The review was conducted in response to concerns from the police service that the current model of police recruitment may not be designed for future recruitment needs of police forces. These concerns were driven by the need to recruit more diverse workforces that represent communities the police service serves, by strategic developments in police professionalisation (eg, ties in to Recommendation 3 of the leadership review (values based recruitment) and the update of the Police Professional Framework (PPF) behaviours incorporating values behaviours), and a need to find greater efficiencies within the recruitment model (eg, reducing timeline of application to appointment, better use of technology).
The aims of the review are threefold: a) identify what is important to force recruiters and key stakeholders in a future recruitment model; b) identify best practice and industry standards; and c) assess the latest evidence base for effective selection and assessment and recommend further investigation where the evidence base is less clear.
The review is aimed at those who are involved in the recruitment (Human Resource and Learning and Development professionals and senior policing leaders) of new police recruits (police constables, PCSOs and specials) across the police service of England and Wales. The review will also be of interest to those who are involved in recruitment in other sectors.
During the review forces, staff associations, and the Home Office have been consulted in a number of different ways which have included being asked to comment on an interim report released earlier this year, being invited to a national consultation event held at Ryton in December 2015, and attending regular review working group meetings. In addition, a peer review process has sought to seek views from relevant policing and non-policing recruitment/research specialists.
The College of Policing developed an evidence base which included robust research evidence and the identification of areas for future exploration that have potential to benefit the future of police recruitment. The key findings are outlined below:
In order to implement an effective attraction strategy, organisations need to focus on attracting quantity and quality of applicants. It is not sufficient to have large quantities of applicants – they have to be of the right quality or assessment outcomes in terms of subgroup (eg, minority groups) disproportionality can be exaggerated.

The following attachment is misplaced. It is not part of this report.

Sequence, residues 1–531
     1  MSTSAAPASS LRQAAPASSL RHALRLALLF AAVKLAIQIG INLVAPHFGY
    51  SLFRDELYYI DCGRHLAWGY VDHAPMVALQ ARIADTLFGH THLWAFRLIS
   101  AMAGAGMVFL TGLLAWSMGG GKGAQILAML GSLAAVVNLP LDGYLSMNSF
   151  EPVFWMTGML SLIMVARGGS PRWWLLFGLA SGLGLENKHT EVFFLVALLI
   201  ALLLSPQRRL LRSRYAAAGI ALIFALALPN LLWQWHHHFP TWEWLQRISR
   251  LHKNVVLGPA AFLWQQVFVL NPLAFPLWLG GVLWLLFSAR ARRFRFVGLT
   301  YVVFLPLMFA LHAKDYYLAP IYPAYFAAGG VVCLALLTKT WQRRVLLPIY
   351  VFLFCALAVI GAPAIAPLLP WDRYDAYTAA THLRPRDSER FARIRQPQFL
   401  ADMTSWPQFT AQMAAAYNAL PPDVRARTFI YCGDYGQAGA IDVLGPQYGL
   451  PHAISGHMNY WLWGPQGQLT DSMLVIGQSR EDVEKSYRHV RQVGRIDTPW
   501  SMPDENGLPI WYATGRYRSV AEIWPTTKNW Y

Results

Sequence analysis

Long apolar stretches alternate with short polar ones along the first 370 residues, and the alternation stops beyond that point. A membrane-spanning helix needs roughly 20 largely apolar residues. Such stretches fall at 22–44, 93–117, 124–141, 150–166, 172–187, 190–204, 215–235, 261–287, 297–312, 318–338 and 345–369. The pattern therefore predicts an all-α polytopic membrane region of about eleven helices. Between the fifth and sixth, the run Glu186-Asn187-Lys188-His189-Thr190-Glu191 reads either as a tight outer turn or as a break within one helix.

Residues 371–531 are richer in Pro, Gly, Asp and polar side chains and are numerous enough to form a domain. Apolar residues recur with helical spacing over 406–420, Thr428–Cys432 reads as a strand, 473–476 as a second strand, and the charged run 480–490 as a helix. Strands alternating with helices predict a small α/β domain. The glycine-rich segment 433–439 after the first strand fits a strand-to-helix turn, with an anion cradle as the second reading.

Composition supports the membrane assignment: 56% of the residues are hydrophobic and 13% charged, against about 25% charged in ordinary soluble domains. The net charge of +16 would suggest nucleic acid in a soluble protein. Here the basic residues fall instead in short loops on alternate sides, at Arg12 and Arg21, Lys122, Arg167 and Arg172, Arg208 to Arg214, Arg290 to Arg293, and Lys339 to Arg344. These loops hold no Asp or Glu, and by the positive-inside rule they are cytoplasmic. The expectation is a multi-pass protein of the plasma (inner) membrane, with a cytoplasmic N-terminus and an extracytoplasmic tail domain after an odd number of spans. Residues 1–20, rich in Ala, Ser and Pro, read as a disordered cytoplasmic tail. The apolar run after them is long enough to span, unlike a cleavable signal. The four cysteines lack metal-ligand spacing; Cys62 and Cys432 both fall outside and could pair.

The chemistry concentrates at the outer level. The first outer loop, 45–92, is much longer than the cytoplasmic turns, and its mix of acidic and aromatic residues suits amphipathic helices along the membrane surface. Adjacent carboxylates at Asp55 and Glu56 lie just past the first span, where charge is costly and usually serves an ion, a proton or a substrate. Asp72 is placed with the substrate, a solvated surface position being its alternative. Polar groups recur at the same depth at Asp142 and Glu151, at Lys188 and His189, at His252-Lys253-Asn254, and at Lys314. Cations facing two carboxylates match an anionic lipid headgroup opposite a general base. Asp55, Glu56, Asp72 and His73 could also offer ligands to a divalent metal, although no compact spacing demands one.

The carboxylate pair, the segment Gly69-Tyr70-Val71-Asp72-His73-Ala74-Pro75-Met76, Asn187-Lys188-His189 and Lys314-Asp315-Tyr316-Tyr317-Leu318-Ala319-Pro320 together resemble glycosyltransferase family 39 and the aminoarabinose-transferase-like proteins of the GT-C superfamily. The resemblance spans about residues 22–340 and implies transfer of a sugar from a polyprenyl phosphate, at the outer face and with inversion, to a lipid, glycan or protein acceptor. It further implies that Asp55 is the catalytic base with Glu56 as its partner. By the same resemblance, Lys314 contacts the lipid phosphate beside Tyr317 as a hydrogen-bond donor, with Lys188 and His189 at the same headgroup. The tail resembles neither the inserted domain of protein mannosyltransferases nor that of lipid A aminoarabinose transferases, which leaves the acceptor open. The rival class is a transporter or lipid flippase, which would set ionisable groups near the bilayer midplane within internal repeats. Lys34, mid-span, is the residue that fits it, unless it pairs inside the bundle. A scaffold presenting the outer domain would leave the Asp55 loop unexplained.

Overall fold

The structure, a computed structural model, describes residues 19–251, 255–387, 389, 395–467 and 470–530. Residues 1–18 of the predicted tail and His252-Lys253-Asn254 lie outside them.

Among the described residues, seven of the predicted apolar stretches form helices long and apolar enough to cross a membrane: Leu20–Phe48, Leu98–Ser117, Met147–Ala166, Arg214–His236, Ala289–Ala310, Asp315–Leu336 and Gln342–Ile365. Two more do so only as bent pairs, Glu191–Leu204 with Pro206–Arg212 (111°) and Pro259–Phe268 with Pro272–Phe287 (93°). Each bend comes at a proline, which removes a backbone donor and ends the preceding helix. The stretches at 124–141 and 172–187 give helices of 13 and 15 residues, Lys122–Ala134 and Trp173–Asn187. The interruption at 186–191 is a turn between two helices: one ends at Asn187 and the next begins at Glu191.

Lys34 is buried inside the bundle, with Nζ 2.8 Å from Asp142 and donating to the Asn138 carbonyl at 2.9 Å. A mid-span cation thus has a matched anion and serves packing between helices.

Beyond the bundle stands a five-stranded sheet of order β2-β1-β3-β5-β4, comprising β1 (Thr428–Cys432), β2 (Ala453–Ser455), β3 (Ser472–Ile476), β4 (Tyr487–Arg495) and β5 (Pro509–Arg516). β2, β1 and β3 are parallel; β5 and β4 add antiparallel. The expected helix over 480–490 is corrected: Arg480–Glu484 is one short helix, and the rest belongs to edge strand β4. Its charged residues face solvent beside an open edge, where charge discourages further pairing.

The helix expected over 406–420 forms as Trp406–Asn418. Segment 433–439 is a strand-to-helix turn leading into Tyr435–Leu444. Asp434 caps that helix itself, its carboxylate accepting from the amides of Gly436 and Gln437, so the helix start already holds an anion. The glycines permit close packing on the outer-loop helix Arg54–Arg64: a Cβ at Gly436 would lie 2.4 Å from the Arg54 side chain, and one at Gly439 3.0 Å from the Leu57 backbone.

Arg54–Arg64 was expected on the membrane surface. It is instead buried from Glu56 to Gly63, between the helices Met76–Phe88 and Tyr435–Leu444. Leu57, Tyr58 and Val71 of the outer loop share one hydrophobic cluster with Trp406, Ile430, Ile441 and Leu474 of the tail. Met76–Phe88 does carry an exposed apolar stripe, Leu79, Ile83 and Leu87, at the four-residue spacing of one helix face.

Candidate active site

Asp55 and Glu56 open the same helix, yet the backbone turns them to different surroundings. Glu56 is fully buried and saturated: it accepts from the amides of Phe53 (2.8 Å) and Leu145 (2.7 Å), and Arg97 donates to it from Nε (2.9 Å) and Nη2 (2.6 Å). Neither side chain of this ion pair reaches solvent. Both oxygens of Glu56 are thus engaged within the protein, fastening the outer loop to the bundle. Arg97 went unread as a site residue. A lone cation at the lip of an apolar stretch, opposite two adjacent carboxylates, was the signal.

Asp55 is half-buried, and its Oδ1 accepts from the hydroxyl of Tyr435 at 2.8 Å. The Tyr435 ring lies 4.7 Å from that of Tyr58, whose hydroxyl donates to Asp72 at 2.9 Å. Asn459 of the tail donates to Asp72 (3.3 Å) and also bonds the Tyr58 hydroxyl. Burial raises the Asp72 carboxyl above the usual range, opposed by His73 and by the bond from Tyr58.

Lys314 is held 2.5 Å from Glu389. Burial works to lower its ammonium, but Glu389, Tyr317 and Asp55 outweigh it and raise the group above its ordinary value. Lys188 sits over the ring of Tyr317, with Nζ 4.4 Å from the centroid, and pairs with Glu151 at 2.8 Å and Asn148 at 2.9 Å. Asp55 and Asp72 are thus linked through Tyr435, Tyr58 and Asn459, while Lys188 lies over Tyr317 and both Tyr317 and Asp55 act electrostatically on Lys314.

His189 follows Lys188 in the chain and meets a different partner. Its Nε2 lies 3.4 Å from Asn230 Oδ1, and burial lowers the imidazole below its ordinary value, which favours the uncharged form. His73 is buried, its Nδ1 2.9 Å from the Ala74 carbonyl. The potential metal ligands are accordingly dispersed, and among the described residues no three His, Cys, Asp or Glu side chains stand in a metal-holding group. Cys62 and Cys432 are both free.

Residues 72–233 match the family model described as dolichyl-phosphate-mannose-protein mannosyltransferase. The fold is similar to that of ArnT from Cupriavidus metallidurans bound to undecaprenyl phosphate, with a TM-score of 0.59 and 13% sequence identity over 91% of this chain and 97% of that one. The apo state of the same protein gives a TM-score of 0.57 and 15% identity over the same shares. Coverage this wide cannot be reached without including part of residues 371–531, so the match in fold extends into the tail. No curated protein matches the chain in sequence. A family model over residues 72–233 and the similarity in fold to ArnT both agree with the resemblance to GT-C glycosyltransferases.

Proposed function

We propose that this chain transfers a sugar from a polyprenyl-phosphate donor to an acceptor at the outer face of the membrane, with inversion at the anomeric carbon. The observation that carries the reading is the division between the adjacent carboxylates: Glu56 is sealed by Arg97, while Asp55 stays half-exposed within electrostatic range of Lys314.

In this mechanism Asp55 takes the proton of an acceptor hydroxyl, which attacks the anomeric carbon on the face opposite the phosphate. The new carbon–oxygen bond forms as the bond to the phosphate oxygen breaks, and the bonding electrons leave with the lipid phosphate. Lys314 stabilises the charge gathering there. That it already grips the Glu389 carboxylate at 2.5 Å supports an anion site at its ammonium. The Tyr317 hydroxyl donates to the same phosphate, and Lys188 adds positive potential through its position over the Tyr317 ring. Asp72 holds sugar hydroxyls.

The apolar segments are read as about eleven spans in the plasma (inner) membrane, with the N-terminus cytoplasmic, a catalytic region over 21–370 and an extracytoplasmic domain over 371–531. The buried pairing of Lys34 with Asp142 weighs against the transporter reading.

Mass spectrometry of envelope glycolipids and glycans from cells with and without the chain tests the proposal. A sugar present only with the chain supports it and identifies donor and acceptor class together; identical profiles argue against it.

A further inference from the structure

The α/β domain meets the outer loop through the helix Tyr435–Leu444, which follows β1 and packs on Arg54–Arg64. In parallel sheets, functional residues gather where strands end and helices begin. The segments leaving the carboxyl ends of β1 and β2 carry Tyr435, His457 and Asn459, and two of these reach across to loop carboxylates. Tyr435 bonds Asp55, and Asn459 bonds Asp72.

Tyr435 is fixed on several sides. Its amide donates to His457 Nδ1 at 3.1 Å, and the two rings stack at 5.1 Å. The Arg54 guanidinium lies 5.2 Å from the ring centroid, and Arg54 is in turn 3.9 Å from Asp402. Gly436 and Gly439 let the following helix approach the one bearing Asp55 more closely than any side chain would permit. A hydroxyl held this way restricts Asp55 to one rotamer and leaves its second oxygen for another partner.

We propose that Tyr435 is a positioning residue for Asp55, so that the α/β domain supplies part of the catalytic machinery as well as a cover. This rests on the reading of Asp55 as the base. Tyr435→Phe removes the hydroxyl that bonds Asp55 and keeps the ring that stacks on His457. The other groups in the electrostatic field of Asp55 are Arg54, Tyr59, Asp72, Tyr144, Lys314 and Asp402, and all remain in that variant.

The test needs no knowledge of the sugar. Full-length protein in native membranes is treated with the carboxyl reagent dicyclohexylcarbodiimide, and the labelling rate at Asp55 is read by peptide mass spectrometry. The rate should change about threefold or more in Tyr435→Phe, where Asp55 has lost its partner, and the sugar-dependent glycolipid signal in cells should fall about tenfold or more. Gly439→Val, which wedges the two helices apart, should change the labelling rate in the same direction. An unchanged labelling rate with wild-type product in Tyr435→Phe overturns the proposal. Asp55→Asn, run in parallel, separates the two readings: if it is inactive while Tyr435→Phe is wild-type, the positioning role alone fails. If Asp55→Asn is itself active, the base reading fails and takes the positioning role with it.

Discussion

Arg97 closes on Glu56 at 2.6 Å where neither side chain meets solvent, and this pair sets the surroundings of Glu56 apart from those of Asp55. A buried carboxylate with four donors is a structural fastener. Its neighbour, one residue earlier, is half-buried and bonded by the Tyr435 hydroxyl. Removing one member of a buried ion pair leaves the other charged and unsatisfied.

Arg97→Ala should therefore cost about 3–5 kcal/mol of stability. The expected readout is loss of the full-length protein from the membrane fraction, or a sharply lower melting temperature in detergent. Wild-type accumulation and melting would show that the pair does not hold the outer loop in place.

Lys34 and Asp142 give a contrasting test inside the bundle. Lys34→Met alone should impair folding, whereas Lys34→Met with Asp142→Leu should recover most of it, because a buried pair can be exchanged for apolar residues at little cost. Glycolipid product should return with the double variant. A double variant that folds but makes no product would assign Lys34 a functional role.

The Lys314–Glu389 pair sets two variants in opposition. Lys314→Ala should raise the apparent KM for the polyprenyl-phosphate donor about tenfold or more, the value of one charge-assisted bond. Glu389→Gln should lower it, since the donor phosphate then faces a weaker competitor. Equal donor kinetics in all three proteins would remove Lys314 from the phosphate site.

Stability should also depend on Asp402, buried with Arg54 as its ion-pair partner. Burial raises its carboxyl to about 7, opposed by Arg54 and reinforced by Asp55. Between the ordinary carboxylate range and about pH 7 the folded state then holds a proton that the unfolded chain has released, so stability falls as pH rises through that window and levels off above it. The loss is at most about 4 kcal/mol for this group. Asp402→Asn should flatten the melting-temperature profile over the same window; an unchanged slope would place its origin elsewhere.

The College of Policing will need the service's help in identifying effective interventions to attract underrepresented applicants – there is some promising work by some forces in this area but there is still more than can be done.
The College of Policing is working with the Metropolitan Police Service, South Wales, Thames Valley, Sussex, and West Yorkshire in piloting a new recruit assessment process. The new recruitment process will be designed by external consultants with the College of Policing defining recruitment standards.
The new recruitment process will include the most effective approaches to recruitment and will include the trialling of modern approaches to assessing candidates. There is a need to consider technological solutions in recruitment and selection, such as the implementation of a national e-recruitment solution, and how these can be best delivered nationally.
Some promising evidence emerged around interventions that were reported as enhancing applicant experience and leading to better assessment outcomes. Of particular interest is the findings of underrepresented groups performing better under conditions that require little additional expenditure such as candidates receiving recruitment messages which possess a positive tone or performing better when a clear rationale for why a selection procedure has been included within a recruitment process has been communicated. Whilst the evidence base is promising interventions focused on enhancing police recruit applicants performance should be trialled and evaluated.
The change in the current Police SEARCH® Recruit Assessment Centre and the introduction of other interventions won't take place until a full evaluation, including costs and benefits, has been completed to determine if changes to process reliably identify applicants who are the right people for the rank of police constable, are predictive of on-the-job performance, do not adversely affect underrepresented candidate groups, and meet assessment delivery standards. In terms of a new assessment process this is likely to have been evaluated, at the earliest, by the autumn of 2017.
A working group has been establish from key policing partners who will contribute to the management and governance of the next stage of the review and help to embed the recommendations of the review. The group will meet in the autumn of 2016 to agree appropriate action to deliver the recommendations outlined through the review.
The review of police initial recruitment recommendations report can be downloaded on this page or by contacting the College of Policing recruit team at email@example.com